Battlestar Galactica's Helo Tests Out the Xbox 360 Game

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By John Gaudiosi

VANCOUVER, BRITISH COLUMBIA—While the next season of the critically acclaimed sci-fi TV series, "Battlestar Galactica," won't air until 2008 on Sci-Fi, fans of the show have plenty to keep them busy this fall. There's the complete first season from Universal Studios Home Entertainment on HD-DVD as well as the new extended cut of the Battlestar Galactica Razor movie out on DVD. Game maker Blackdot has created a free online game, Raptor's Revenge, to tie into this new DVD release at www.battlestargalacticadvd.com. There's also Vivendi Games new Xbox Live Arcade downloadable high-definition Battlestar Galactica game.

Actor Tahmoh Penikett, who plays Lt. Karl C. "Helo" Agathon on the series, is the resident gamer of the cast. When he's not filming the series, he's playing his PSP or PlayStation 3. The actor got a chance to pilot the new Xbox 360 game on set and he took some time to talk about his gaming background, as well as his love of all things sci-fi.

Penikett grew up in a small northern town and he lived in a suburb that was near the airport. He said that was the only place they had videogames and there were only three games to choose from—Pac-Man, Asteroids and Galaga.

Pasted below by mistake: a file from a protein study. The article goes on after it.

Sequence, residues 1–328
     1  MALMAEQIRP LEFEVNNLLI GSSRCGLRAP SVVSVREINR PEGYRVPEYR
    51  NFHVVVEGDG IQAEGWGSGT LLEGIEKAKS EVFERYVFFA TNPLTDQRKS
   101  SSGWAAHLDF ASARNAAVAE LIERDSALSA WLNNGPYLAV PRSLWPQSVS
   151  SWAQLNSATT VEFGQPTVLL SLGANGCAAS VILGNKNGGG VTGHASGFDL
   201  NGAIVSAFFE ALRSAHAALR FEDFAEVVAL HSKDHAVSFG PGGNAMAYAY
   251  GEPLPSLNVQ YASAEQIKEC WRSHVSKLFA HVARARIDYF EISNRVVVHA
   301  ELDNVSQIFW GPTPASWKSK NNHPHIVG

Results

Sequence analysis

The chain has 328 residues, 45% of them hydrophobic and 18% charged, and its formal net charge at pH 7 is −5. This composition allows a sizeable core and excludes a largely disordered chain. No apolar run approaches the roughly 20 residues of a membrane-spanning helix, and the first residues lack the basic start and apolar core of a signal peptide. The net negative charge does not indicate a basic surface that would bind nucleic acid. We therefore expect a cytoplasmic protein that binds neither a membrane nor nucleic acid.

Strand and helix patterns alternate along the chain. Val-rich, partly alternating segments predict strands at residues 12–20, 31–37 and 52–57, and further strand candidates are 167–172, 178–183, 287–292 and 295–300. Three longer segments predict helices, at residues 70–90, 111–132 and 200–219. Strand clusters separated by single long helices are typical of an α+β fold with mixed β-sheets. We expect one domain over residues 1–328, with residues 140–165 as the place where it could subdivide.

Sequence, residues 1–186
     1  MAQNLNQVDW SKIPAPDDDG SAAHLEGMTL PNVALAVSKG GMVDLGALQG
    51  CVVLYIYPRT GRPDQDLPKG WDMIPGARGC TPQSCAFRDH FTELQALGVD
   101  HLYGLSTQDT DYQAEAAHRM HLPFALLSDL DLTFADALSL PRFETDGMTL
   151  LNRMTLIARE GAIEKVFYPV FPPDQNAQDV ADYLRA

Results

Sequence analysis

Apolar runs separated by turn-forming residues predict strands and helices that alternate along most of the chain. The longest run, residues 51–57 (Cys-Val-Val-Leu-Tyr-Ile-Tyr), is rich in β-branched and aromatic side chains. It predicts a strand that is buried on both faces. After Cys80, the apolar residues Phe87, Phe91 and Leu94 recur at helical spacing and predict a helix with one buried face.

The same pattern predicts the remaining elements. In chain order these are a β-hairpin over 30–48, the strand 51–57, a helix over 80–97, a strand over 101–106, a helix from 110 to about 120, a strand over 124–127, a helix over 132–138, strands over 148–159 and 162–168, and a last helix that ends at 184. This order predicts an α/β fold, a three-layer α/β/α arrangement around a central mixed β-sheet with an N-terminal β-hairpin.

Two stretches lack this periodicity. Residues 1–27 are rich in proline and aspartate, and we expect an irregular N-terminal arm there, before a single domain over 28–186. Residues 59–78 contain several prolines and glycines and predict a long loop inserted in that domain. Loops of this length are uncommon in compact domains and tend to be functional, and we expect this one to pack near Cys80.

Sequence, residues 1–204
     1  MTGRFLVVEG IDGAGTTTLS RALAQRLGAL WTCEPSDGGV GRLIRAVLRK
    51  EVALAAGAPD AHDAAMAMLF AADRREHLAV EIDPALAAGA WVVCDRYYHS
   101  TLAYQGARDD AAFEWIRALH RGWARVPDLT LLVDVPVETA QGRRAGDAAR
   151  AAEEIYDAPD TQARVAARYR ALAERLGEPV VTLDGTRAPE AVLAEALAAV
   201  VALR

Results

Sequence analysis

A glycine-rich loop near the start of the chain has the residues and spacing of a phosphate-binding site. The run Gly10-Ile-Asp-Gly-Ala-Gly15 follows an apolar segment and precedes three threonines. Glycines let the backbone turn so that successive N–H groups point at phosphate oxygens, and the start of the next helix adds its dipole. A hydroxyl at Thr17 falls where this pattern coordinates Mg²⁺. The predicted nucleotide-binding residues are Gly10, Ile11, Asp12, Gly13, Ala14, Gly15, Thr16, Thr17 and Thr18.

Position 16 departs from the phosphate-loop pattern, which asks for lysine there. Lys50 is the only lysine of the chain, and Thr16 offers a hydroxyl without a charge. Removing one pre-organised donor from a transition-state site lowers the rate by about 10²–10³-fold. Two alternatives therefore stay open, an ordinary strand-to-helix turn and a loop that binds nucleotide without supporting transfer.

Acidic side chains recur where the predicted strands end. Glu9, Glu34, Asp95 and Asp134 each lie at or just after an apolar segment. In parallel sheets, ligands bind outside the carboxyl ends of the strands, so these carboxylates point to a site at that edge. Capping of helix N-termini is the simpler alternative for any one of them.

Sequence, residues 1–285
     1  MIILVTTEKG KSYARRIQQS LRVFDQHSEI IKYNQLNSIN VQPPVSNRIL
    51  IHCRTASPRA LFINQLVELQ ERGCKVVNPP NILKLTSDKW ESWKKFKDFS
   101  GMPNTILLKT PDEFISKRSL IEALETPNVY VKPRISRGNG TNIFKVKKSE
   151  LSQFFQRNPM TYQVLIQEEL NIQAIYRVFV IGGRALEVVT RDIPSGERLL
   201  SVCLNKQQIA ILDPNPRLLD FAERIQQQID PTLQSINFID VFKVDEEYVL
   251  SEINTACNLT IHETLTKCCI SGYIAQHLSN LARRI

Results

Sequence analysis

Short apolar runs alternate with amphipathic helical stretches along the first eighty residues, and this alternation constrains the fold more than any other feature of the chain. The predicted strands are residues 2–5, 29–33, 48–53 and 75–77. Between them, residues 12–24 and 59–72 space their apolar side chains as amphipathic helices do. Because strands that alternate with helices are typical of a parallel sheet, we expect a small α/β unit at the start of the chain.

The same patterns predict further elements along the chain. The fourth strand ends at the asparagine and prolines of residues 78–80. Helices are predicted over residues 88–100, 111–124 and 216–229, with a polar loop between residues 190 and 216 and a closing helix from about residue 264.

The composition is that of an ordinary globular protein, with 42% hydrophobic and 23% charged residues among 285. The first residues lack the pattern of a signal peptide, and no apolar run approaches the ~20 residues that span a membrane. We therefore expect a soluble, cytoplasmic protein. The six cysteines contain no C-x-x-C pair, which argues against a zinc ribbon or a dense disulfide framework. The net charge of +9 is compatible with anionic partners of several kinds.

"Me and most of the neighborhood kids spent way too many hours and all of our allowance money pumping Galaga full of quarters," said Penikett. "When you think about that game and how you can only move back and forth, you have to have some pretty good reflexes for it. That's a classic of all time."

Although he played Galaga for endless hours, he never actually beat the game. He made it to the 42nd level once. Just thinking about Galaga brings back great memories of his childhood.

"I'm an old school gamer," said Penikett. "I was born and raised in Connecticutt. I remember getting the Atari Lynx back in the day. That was way ahead of its time. You could switch screens, depending on if you were a left-handed or right-handed player. It was 16-Bit, which was way ahead of its time. I remember ordering that system and being so excited about that. I had California Games. My favorite game was APB, which was this Dirty Harry-style cop game. That was so many years ago. I was 15 when I got that system. I was always reading up on games and I always wanted to get the most powerful system, so when TurboGrafx 16 came out I wanted that instead of Genesis. And Genesis ended up being the more popular system. I had a lot of the systems when I was in high school."

One can't mention the TurboGrafx 16 without asking about its mascot.

"Bonk was the shit," said Penikett. "I spent way too many hours playing that game. There was also that pack-in shooter, Keith Courage in Alpha Zones, which I played a lot when I got it."

When looking at the systems Penkikett bought as a kid, he seemed to always pick the one that died an early death.

"I think that was a mistake I made," said Penikett. "I read up on these systems and everyone said TurboGrafx 16 was going to be more powerful than Genesis so I got that one. The same thing happened with the Lynx, which was twice the power of the Game Boy. And both of them really fizzled. I remember loving that Lynx, but we just didn't have the games."